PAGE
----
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EXCLUSIVE: Mt. Sinai rethinking Beth Israel Hospital downsizing plan

BY LINCOLN ANDERSON | COVID changes everything — especially about health. And that includes Mount Sinai Health System’s plan to downsize Beth Israel Hospital, too.

The Village Sun has learned that Mount Sinai is now reconsidering whether it’s still a good idea to shrink the historic Gramercy healthcare facility.

Back in 2016, Mount Sinai, just three years after merging with Beth Israel Hospital, announced it was setting in motion a plan to downsize it. The vision was to replace the existing hospital with a new mini version — with just 70 inpatient beds — to be built a couple of blocks south in the East Village, at 14th St. and Second Ave.

The downsizing scheme, however, was immediately met with howls of opposition from the surrounding community and local politicians, who slammed it as inadequate to meet the area’s healthcare needs.

Further ratcheting up the resistance, three years ago, Arthur Schwartz, the Village’s Democratic district leader, who is currently running for City Council in District 3, filed a lawsuit to keep the existing Beth Israel open.

A design rendering for a new Mount Sinai Beth Israel Hospital in the East Village. However, the plan to close the existing Beth Israel Hospital in Gramercy and replace it with a new mini-hospital at 14th St. and Second Ave. is now being reevaluated. (SAN for Ennead Architects and Perkins Eastman)

Fast-forward to this past March, after the pandemic hit and officials were warning of a surge of COVID patients. Schwartz and Penny Mintz, then running for Democratic State Committee, held a press conference in front of Beth Israel demanding that Mount Sinai reopen 600 of the First Ave. hospital’s beds that the two politicos claimed were being “warehoused.”

A Mount Sinai spokesperson fired back then that the health system had already been in talks with the city and state, and just the previous week had offered its unused portion at Beth Israel, “long before any publicity stunts by aspiring politicians.”

At any rate, Mount Sinai eventually reopened 400 of the mothballed Beth Israel beds — and today they reportedly remain open for use.

Now, however, word has it that the pandemic has forced Mount Sinai to reevaluate its plans for Beth Israel “through a post-pandemic lens.” In short, Mount Sinai is doing a fresh analysis of the downsizing scenario to decide if it’s the right step to take at this moment.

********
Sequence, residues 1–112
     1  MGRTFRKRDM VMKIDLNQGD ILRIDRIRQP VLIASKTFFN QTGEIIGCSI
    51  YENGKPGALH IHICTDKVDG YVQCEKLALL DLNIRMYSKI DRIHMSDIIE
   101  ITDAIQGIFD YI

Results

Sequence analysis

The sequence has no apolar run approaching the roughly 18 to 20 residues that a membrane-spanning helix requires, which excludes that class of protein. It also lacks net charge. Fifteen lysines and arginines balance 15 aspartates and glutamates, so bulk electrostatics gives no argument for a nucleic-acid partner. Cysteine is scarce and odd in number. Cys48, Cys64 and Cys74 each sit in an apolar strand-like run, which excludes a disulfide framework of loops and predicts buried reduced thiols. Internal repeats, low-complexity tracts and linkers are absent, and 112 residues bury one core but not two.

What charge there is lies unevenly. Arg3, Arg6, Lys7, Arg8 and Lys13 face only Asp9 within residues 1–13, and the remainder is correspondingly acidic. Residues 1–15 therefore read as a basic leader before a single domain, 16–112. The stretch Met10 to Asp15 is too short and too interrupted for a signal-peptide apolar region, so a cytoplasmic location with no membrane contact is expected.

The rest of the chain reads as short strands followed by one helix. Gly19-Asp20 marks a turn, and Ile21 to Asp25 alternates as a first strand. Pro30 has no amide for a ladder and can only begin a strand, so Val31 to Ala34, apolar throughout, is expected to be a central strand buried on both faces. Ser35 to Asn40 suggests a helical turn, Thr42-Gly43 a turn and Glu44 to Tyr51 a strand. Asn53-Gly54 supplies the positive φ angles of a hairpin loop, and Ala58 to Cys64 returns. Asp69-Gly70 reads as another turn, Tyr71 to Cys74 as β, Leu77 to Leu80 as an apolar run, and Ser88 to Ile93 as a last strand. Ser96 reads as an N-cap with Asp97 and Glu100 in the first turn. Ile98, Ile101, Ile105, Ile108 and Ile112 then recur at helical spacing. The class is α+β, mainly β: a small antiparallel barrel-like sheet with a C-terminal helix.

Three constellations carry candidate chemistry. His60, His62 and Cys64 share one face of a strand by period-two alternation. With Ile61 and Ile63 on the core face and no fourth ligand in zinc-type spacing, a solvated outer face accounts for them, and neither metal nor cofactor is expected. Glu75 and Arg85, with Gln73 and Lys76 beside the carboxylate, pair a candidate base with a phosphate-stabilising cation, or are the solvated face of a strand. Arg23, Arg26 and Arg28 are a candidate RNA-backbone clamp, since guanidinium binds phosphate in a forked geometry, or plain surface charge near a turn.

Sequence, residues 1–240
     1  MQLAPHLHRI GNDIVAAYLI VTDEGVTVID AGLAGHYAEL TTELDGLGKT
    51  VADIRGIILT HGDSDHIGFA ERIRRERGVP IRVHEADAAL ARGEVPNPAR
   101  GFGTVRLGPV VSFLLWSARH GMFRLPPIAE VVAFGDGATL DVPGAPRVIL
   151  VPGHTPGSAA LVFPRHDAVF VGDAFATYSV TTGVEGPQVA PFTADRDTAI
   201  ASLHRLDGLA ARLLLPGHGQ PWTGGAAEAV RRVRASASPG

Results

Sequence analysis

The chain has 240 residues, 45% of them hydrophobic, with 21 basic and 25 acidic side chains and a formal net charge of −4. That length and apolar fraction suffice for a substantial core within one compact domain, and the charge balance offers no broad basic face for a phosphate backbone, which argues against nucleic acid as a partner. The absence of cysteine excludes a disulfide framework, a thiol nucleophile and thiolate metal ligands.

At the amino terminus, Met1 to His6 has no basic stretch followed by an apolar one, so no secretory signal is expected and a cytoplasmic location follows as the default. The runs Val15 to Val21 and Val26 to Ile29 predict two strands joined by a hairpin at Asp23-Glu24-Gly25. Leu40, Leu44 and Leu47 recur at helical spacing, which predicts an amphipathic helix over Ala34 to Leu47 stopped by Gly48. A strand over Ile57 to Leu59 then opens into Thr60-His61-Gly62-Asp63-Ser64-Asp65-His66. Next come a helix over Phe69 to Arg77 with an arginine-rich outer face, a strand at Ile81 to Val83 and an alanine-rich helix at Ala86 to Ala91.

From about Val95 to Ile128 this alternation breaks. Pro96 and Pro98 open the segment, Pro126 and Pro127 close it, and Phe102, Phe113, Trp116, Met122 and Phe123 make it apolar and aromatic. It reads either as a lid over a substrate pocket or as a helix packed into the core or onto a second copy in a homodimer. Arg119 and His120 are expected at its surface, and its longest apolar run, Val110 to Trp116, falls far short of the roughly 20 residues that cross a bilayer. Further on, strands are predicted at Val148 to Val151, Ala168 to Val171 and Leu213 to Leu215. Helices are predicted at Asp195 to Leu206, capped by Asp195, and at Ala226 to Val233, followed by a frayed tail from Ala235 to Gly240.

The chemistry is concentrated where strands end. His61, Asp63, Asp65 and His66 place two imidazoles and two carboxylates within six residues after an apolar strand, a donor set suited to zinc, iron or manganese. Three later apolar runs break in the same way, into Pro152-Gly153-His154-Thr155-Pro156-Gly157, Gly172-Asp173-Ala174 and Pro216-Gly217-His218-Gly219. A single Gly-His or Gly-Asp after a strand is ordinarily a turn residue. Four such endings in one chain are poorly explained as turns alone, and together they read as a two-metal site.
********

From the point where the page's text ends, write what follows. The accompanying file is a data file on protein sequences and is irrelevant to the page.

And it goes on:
A cleared site on E. 13th St. east of Second Ave. that had been slated for a new, smaller Mt. Sinai Beth Israel Hospital. That plan is now being revisited. (Photo by The Village Sun)

In a statement to The Village Sun, a Mount Sinai spokesperson confirmed that all options are now “back on the table.”

“The pandemic has changed our world and radically impacted proposed healthcare projects across the country,” the statement said. “As a result, when it comes to the future of Mount Sinai Beth Israel, we are putting every option back on the table, except closing the hospital. To be clear, we will not close Mount Sinai Beth Israel.

“We ask for the community’s continued patience and understanding as we reevaluate every option available to ensure that we build what is best for the patients and communities we serve at Mount Sinai Beth Israel. Again, the only option that we absolutely will not consider is closing the hospital; all other options remain up for consideration and analysis as we continue to work with local community and elected leaders in the weeks and months ahead. In the meantime, MSBI and all our hospitals remain fully open and accessible for all patients.”

At a City Council candidates forum Wednesday night, Councilmember Carlina Rivera, chairperson of the Council’s Committee on Hospitals, and Erik Bottcher, chief of staff to Council Speaker Corey Johnson, both briefly mentioned that they had heard there had been a shift in thinking on the Beth Israel downsizing plan.

“I know there was some good news about MSBI, which is great,” Rivera said.

“I’m told now they are rethinking the decision to downsize,” Bottcher said. Just before that, he had stated, “Even if we need to take legal action, we cannot allow Beth Israel to downsize.”

For his part, Schwartz said he’s glad to hear the news — and also that the hundreds of beds he called for to be reactivated are still available for use.

“That’s great,” he said. “They upsized and haven’t downsized.”

2 Comments

  1. Lester Su Lester Su November 13, 2020

    Pandemic brings some positive things too :))))

  2. David R. Marcus David R. Marcus November 13, 2020

    Love how Bottcher and Rivera now jump onto the bandwagon when it was Arthur Schwartz that recognized the criminality of downsizing Beth Israel from the prepandemic get-go. Leadership vs. pure politics. Arthur demonstrates leadership in championing important causes; these other two never miss an opportunity to latch onto a bandwagon.

    Good news is we need the beds and Mt. Sinai corporate profits must take a far back seat to that.

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